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The aim of this study was to verify the effects of environmental impact caused by dioxin on milk production and metabolic profile in the buffalo cows. The authors analyzed some representative blood parameters related to their different metabolisms, the amount of zinc in blood samples, and milk production parameters, on 160 buffalo cows raised in four farms located in areas with a different environmental impact. Urea, glucose, creatinine, AST (aspartate aminotransferase), ALT (alanine aminotransferase) and zinc contents were determined on serum samples. Milk samples from each buffalo were collected. Daily milk yield and milk composition were significantly different among farms. No difference in milk protein content was found. Urea content, was higher. Glucose concentrations were significantly lower than in farms located in an area contaminated by dioxin. Creatinine values were normal. AST and ALT values were slightly higher than normal. So far, there are not studies on the effect of dioxin on production and metabolic profile in buffalo cows. This study indicates that buffalo breeding herds exposed to dioxins would induce damage in the hepatic parenchyma cells as a result of animal welfare. Accordingly, the effects of environmental pollutants may expose the animals to several infections and diseases, which could affect not only the production traits, but also the qualitative features of their products devoted to human consumption.
Considering the increasing economic relevance of the Buffalo and considering the insufficiency information in the literature on the influence of micro pollutants on the buffalo, this work has focused the attention on the influence the environmental impact on buffalo health and on their production. It is important to remember that the animal is closely linked to the area, monitoring animal’s means monitoring the breeding environment.
Effect of a Plant Extract in Several Traits of Plymouth Rock Barred Hens and Pullets Challenged with Salmonella Typhimurium in a Rural Village in Central Mexico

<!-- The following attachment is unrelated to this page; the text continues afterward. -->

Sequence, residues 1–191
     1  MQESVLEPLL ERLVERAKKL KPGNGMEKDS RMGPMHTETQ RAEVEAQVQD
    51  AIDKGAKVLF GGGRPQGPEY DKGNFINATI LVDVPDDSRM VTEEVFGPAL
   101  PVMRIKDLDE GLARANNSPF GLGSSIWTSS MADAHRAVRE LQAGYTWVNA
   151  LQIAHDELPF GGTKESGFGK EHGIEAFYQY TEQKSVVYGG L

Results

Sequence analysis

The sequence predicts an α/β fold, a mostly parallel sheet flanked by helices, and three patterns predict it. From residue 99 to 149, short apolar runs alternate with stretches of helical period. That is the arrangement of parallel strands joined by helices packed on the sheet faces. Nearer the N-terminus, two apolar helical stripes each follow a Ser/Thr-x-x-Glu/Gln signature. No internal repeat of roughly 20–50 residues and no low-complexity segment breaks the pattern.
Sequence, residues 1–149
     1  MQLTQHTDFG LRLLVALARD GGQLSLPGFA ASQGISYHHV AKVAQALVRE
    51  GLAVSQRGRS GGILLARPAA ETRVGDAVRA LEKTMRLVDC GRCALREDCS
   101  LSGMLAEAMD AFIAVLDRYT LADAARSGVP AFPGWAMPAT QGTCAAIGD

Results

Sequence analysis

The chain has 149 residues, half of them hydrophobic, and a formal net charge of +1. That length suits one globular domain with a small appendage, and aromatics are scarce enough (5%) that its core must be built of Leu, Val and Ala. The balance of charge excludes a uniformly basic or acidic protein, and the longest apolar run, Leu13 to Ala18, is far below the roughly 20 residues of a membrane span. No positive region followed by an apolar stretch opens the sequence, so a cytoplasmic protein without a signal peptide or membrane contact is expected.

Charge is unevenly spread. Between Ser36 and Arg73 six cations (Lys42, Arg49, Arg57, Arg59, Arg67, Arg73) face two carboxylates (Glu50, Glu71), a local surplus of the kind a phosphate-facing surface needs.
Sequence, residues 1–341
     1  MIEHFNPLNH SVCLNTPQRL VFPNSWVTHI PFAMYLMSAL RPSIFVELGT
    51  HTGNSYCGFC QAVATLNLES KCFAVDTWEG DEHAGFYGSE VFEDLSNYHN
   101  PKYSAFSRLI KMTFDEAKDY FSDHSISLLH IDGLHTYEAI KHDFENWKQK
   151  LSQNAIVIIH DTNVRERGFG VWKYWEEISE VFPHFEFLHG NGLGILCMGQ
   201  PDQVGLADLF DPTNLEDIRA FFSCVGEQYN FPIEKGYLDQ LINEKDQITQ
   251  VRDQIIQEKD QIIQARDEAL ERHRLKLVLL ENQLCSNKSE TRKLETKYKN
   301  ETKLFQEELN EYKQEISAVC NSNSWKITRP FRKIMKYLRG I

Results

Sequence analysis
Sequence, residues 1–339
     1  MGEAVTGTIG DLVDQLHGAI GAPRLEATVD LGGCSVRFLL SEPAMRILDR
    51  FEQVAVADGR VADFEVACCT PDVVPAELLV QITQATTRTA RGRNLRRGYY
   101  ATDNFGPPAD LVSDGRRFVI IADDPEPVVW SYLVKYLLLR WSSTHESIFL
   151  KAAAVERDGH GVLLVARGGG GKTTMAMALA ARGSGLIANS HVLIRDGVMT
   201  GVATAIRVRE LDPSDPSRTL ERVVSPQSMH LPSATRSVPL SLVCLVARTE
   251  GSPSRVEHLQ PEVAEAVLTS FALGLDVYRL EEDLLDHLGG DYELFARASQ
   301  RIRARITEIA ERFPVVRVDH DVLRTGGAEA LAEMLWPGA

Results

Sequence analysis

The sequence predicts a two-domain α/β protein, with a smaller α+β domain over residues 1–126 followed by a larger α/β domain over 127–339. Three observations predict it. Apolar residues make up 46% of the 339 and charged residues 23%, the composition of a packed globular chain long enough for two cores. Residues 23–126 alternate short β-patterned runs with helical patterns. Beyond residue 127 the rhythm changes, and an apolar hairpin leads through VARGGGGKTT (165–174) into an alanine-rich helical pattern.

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J.C. Garcia-Lopez , G. Alvarez-Fuentes , J.M. Pinos-Rodriguez , Y. Jasso-Pineda , E. Zapata-Perez , H.A. Lee-Rangel , S. Lopez-Aguire , M.A. Camacho-Escobar (2016). Effect of a Plant Extract in Several Traits of Plymouth Rock Barred Hens and Pullets Challenged with Salmonella Typhimurium in a Rural Village in Central Mexico. Animal Review, 3(2): 43-51. DOI: 10.18488/journal.ar/2016.3.2/188.8.131.52
The effect of Chrysactinia mexicana Gray extract on poultry challenged with Salmonella typhimurium, was evaluated: 1) The aim of the survey was to understand the status quo of backyard poultry production in a rural area, 2). A field study with forty Plymouth Rock Barred Laying hens were used to test the effects of C. mexicana, and 3) 160 day old Plymouth Rock Barred pullets, were assigned to: T1 control; T2 control + S. typhimurium challenge; T3 control + S. typhimurium + C. mexicana; and T4 control + S. typhimurium + antibiotic. Crop, gizzard, proventriculus and duodenum colony forming units (CFU) were measured, and leukocyte and erythrocyte counts. In addition, weight gain and feed intake was measured. The liver, bursa, thymus and spleen were weighed. Results show that 75% of farmers in the community have hens. The main diseases in their fowl: respiratory 45%; diarrhea 35% and parasites 20%. 90% of farmers have no access to veterinary services. Results from the field study show differences (P<0.05) between the treated group with C. mexicana and the control group with no treatment. Feed intake, total weight gain and final body weight was higher (P<0.05) for control group among the other treatments. Treatment challenged plus antibiotic showed lower CFU counts than treatment with S. typhimurium and C. mexicana. Thymus, bursa and spleen weights were similar (P>0.05) for the C. mexicana and antibiotic treatments. Leukocyte and erythrocyte counts were lower (P<0.05) in control group. C. mexicana extract could be a tool to diminish bacteria in hens.
This study is one of very few studies which have investigated the use of Larrea tridentata extract on poultry performance challenged with Salmonella typhimurium
Determination of Milk Composition, Bacteriology and Selected Blood Parameters of Dairy Goats Under Different Feeding Systems
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This research was carried out at two farms located in the Karacabey region of Turkey: an extensive goat farm (A) and a semi-intensive goat farm (B). A total of 32 Saanen goats (3 years old) at an early stage of their second lactation were selected from Farm A and Farm B. The total DM intake (TDM) values were 1.89 and 1.86 (kg d-1) for goats housed on the A and B farms, respectively. Compared with Farm A, Farm B produced more milk each day (P<0.05; 1.38 -. 1.76 kg day-1). The milk samples taken from Farm A had a higher (P<0.05) milk fat content than the samples from Farm B (milk fat=4.40 and 1.89 %, respectively). The serum creatinine values were significantly higher (P<0.05) in the blood of goats from farm A compared with farm B (1.11 and 0.56 mg dl-1, respectively). Comparison of glucose levels from both farms showed a significantly higher level of glucose in the blood samples from goats at Farm B (P<0.05; 24.23 and 61.43 mg dl-1). Serum parameters for cholesterol, GGT and urea were not affected by the feeding system (P > 0.05).
This study is one of very few studies which have investigated the milk composition, bacteriology and selected blood parameters of dairy goats under different feeding systems.